Hydrothermal processes for conversion of lignocellulosic biomass to value-added compoundsTanja Milovanović
, 2020, doctoral dissertation
Abstract: In this doctorial dissertation subcritical water processes of lignocellulosic biomass to obtain value-added compounds are studied. The doctorial dissertation is divided into four main parts. In the first and second part of dissertation, model compounds (standards of cellulose and sugars and chestnut tannins) were primarly used in order to better understand processes of real biomass material.
The degradation of cellulose and different sugars was performed in batch reactor with subcritical water. The different reaction temperatures and times were used. The main phases, such as water-soluble fraction, acetone-soluble fraction and solid residue were separated and analysed. The analysis of water-soluble phase was done by HPLC equipped with UV and RI detector, while acetone-soluble phase of cellulose was analysed by GC-MS. Total sugar content was determined by the phenol-sulphuric acid colorimetric method. The properties of char, obtained using cellulose as a treated material, such as: specific surface area, pore volume and pore diameter were determined by gas adsorption method. A water-soluble phase mainly consists of sugar monomers and monomer degradation products such as 5-hydroxymethylfurfural (5-HMF), furfural, erythrose, sorbitol, 1,6-anhydroglucose, glycolaldehyde, glycerlaldehyde, 1,3-dihydroxyacetone, pyruvaldehyde, formic, levulinic, lactic, oxalic and succinic acids, while acetone-soluble phase, referred to also as bio-oil, consists of furans, phenols, carboxylic acids, aldehydes, ketones and high molecular compounds. The reaction mechanism of cellulose and sugars in subcritical water has been proposed based on the obtained results. Furthermore, the results from cellulose and sugar hydrothermal degradation were utilized in further work to determine which industrially interesting products could be obtained by hydrothermal processing of paper waste in subcritical water. The optimum conditions ( temperature and reaction time), which gave us the highest yield of base chemicals (furfural, 5-HMF, levulinic acid) were determined.
Sweet chestnut (Castanea Sativa) bark contains high level of tannins and various phenolic compounds which can be utilized in pharmaceutical, cosmetic, nutritional and medical purposes. The sweet chestnut tannins extract and sweet chestnut bark were used as materials highly rich in bioactive compounds for subcritical water processes which are presented in the second part of doctorial dissertation, respectively. The spectrophotometric methods were used to determine total tannins, phenols and carbohydrates content and antioxidant activity. The identified compounds were ellagic and gallic acid, ellagitannins (vescalagin, castalagin, 1-o-galloyl castalagin, vescalin and castalin), sugars (maltose, glucose, fructose and arabinose) and sugar derivatives (5-HMF, furfural and levulinic acid). The results obtained from hydrothermal hydrolysis were compared to results from acid hydrolysis. Finally, the optimization of reaction parameters of subcritical water processes has been done aiming to obtain the product highly rich in ellagic acid.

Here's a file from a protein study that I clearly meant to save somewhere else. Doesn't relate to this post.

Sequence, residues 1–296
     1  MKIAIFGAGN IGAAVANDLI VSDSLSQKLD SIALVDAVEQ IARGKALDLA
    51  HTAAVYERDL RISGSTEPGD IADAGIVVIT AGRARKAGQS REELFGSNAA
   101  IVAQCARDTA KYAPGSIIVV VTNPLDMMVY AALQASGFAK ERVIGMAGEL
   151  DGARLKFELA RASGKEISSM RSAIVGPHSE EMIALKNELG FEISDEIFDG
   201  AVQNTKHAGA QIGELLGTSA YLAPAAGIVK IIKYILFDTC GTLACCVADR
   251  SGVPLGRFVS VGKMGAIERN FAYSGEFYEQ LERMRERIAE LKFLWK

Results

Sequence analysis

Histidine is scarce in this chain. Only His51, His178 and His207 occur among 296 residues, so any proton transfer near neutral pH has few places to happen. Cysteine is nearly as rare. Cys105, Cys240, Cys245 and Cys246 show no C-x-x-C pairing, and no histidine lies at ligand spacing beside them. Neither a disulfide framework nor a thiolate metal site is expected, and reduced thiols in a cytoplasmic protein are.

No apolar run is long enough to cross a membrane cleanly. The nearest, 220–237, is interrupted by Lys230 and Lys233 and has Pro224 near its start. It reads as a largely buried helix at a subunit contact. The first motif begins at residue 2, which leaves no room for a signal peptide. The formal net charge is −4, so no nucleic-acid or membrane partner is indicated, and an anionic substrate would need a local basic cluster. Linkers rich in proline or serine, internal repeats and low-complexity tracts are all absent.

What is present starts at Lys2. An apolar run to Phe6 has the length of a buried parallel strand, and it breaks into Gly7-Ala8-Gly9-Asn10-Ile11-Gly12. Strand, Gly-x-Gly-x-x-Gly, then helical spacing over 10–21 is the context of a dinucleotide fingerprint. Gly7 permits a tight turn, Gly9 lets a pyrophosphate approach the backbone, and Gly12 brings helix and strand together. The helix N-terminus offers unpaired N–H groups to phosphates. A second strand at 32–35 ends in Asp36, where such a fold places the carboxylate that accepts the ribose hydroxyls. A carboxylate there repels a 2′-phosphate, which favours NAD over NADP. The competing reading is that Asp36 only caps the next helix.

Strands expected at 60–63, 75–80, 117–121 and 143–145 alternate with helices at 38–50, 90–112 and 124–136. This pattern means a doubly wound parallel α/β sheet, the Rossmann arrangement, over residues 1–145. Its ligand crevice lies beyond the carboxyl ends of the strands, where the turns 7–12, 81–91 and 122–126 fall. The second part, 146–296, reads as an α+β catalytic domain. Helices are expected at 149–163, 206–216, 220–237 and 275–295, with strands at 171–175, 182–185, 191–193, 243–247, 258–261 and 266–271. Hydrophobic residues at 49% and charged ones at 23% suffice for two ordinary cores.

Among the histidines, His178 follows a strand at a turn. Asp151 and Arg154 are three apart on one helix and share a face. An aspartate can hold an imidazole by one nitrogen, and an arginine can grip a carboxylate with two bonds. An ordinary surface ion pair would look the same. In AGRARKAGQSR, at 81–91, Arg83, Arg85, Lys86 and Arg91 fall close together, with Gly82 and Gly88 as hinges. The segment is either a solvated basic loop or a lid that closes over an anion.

Subcritical water extraction of horse chestnut (Aesculus hippocastanum) parts such as seeds, seed shell, bark and leaves was described in the third chapter of dissertation. The detected compounds in extracts, such as escins, esculin, fraxin, phenolic compounds (chlorogenic, neochlorogenic and gallic acids) and furfurals (5-hydroxymethyfurfural, furfural, and methylfufrual) are quantified using HPLC.
The last part of dissertation proposes extraction of cocoa shell using green technologies (supercritical CO2 and subcritical water extraction) and also conventional methods (Soxhlet extraction with hexane and extraction with 50 % acetone) to obtain bioactive compounds in order to compare the results. The detected compouns were methylxanthines, phenolic compounds, sugars, fatty acids.
Keywords: Subcritical water, biomass, biowaste, extraction, hydrothermal degradation, hydrolysis, bioactive compounds.
Published: 16.10.2020; Views: 319; Downloads: 55
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Contribution of non-troglobiotic terrestrial invertebrates to carbon input in hypogean habitatsTone Novak
, Franc Janžekovič
, Saška Lipovšek Delakorda
, 2013, original scientific article
Abstract: Eleven of the most important terrestrial invertebrate species in Slovenian caves were analyzed for differences in their fresh and dry biomass, energy content and carbon bulk during winter. These data were combined with the species abundance in 54 caves and adits in order to estimate their organic carbon bulk and carbon input into these habitats. In Central European caves, Troglophilus cavicola, T. neglectus, Faustina illyrica, Amilenus aurantiacus and Scoliopteryx libatrix are the most important vectors of carbon between the epigean and hypogean habitats. In contrast to the general assumption, carbon total contribution to caves via dead bodies is only 0.15% of total migratory biomass, and it is not directly available to troglobionts because of infection with entomopathogenic fungi. In winter, together with predated migratory specimens, carbon input does not exceed 0.3% of the total migratory biomass. This situation should be carefully examined in every karstic region inhabited by distinctive fauna.